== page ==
The Times launches new attack on UKIP as the party surges further upwards in the polls, threatening the grip of the political establishment


The newspaper known as the mouthpiece of the political establishment is about to launch yet another attack on UKIP following new polls showing that the party is on course to win the European elections next month.

The Times is set to make more allegations about Nigel Farage’s use of European parliamentary allowances, many of which rely on claims made by convicted fraudster Jasna Badzak who is currently serving a suspended prison sentence.

The latest attack comes after opinion polls published at the weekend showed Mr Farage’s approval ratings soaring and UKIP easily ahead of the Conservative Party and neck and neck with Labour in voting intentions for the European elections.

Set out below is UKIP’s detailed response to new smears being peddled by the Times, which has run wave after wave of attacks in recent months:

“Nigel Farage is confident that he has abided by European parliamentary rules at all times when spending allowances.

“The Times has raised a number of “fishing type” allegations, all of which lack substance as to their formulation and provide no substantive questions needing to be answered. In fact many of your questions are probably just as applicable to any of the other political parties contesting the forthcoming European Elections with figures and statements duly amended to suit.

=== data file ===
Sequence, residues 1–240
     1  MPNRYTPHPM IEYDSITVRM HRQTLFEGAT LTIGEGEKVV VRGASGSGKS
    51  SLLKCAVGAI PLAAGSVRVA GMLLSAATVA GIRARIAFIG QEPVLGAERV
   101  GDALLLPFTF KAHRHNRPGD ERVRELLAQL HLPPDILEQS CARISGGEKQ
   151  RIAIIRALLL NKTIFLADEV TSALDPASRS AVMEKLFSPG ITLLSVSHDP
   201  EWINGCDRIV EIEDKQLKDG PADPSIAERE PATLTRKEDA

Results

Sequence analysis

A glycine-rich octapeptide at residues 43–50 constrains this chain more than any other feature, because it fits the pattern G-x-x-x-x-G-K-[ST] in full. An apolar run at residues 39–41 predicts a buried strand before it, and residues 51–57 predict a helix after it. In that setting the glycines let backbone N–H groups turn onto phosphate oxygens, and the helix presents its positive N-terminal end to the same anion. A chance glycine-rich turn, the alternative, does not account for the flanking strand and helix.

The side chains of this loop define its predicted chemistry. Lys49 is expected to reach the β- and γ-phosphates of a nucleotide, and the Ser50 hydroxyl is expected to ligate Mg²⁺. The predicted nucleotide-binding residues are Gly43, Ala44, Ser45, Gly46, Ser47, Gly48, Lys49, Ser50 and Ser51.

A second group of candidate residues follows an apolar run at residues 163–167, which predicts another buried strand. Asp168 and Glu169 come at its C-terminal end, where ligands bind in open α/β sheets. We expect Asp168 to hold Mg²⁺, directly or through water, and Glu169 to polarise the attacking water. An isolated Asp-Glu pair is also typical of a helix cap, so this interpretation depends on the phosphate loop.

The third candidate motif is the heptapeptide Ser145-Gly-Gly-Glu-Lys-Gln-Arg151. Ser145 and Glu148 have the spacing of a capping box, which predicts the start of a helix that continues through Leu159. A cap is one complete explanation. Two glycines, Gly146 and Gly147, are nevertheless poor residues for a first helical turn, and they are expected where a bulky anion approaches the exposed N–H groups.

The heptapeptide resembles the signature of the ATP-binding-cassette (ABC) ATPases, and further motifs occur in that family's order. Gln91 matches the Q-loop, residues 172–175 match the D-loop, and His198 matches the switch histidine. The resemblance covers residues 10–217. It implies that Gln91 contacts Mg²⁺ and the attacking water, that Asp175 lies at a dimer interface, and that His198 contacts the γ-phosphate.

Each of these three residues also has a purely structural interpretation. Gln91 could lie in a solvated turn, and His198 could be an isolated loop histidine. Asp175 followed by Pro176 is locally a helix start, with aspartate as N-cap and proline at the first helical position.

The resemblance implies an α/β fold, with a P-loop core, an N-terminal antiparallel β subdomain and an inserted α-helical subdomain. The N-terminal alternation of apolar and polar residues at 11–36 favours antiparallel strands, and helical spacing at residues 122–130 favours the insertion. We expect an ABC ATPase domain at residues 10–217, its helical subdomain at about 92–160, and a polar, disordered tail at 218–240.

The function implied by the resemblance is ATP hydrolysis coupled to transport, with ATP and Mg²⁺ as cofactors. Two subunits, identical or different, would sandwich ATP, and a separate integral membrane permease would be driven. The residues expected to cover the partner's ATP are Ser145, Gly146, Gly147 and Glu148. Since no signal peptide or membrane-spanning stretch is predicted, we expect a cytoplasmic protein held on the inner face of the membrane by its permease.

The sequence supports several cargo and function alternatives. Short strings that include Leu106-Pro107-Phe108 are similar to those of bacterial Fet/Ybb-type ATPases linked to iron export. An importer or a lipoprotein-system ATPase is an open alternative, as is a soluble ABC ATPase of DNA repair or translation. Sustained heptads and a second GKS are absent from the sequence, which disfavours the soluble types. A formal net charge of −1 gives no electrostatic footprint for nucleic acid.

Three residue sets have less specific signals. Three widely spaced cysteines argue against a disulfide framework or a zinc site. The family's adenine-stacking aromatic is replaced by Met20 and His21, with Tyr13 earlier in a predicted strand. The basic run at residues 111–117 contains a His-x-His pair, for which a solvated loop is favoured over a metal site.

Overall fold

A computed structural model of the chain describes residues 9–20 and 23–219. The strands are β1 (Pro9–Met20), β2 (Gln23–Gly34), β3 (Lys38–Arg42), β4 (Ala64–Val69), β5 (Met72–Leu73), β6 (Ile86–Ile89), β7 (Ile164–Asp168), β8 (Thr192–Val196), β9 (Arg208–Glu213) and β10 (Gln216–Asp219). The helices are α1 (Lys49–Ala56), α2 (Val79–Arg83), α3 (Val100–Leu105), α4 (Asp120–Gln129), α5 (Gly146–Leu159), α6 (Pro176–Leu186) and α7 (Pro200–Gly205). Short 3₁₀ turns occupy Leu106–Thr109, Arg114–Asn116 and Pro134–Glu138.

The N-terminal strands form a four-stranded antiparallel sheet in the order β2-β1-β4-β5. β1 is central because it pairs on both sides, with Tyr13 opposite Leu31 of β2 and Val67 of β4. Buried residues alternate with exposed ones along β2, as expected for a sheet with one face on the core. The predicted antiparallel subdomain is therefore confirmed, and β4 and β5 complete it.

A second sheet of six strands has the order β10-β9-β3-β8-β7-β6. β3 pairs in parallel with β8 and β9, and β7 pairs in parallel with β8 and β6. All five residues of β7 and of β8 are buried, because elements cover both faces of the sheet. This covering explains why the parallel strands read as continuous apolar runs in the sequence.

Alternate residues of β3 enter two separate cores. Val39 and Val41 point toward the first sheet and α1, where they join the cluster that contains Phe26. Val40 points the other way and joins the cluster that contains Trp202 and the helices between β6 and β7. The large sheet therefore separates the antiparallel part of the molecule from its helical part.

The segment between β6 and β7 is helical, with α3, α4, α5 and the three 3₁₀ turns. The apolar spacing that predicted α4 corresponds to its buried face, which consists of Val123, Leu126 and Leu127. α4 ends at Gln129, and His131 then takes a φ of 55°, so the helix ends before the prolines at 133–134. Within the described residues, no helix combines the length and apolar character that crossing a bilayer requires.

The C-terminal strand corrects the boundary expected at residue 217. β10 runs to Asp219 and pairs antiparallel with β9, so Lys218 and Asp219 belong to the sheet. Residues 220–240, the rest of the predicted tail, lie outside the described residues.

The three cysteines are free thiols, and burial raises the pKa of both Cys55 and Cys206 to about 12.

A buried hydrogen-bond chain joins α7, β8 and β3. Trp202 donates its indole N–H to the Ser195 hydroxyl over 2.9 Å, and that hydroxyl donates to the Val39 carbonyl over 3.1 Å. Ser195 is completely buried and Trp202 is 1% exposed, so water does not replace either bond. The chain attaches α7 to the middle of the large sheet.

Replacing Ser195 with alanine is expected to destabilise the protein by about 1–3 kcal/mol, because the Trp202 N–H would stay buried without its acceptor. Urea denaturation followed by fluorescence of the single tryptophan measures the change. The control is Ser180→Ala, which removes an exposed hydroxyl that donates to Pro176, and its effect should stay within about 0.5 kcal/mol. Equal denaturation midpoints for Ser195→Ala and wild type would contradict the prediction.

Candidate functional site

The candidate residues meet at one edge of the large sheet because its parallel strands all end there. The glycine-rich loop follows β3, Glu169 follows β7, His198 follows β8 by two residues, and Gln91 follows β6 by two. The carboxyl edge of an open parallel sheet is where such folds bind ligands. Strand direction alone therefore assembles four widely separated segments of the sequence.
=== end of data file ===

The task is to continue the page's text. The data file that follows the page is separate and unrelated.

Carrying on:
“The Lyminster office is not the sole address that incurs expenditure in the pursuance of Mr Farage’s job as an MEP, though it is the most important one. It is quite wrong to claim that he did not declare the rental arrangement with J. Longhurst LTD. until 2013. It has been in the register of members’ interests since 2003.

“Jasna Badzak is a convicted fraudster serving a suspended sentence, whose allegations are unfounded and vexatious. She has never been a press secretary or confidant of Mr Farage’s. To allege that he has transferred EU funds to an offshore account is entirely untrue. Your use of her indicates that you are writing an article with a defined end by inventing a road to achieve that end.

“Mr Martin Haslam never had any responsibility for EU money. He was, for a brief period responsible for the UKIP South East accounts.

“In relation to UK based staff paid from EU funds, they are approved constituency managers in line with advice given to us by the members’ services in Strasbourg.

“You are expected to quote this statement in full in any article you choose to publish.”

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